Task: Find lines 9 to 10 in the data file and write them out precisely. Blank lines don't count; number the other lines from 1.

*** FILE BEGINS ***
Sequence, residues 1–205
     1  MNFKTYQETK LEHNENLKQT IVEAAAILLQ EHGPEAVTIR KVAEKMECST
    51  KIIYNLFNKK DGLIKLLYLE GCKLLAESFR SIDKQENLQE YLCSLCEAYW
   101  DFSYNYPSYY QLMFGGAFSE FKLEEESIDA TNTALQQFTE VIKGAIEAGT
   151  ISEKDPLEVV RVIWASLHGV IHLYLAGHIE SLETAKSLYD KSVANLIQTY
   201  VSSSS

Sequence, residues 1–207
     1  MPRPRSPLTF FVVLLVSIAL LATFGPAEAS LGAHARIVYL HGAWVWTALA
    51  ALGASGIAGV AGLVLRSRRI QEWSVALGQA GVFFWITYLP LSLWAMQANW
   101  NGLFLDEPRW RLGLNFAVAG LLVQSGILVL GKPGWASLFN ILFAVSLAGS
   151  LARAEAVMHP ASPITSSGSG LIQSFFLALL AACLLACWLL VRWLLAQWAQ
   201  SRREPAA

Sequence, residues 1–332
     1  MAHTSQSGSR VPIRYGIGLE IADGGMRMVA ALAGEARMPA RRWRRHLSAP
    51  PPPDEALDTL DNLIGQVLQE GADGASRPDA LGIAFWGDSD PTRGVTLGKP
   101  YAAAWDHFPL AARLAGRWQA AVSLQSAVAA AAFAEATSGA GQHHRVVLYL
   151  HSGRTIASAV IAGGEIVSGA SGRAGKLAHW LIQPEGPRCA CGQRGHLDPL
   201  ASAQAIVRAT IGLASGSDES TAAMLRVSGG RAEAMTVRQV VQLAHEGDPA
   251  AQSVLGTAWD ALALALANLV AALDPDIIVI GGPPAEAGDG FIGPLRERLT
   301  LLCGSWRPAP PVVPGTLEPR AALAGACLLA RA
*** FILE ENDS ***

    51  ALGASGIAGV AGLVLRSRRI QEWSVALGQA GVFFWITYLP LSLWAMQANW
   101  NGLFLDEPRW RLGLNFAVAG LLVQSGILVL GKPGWASLFN ILFAVSLAGS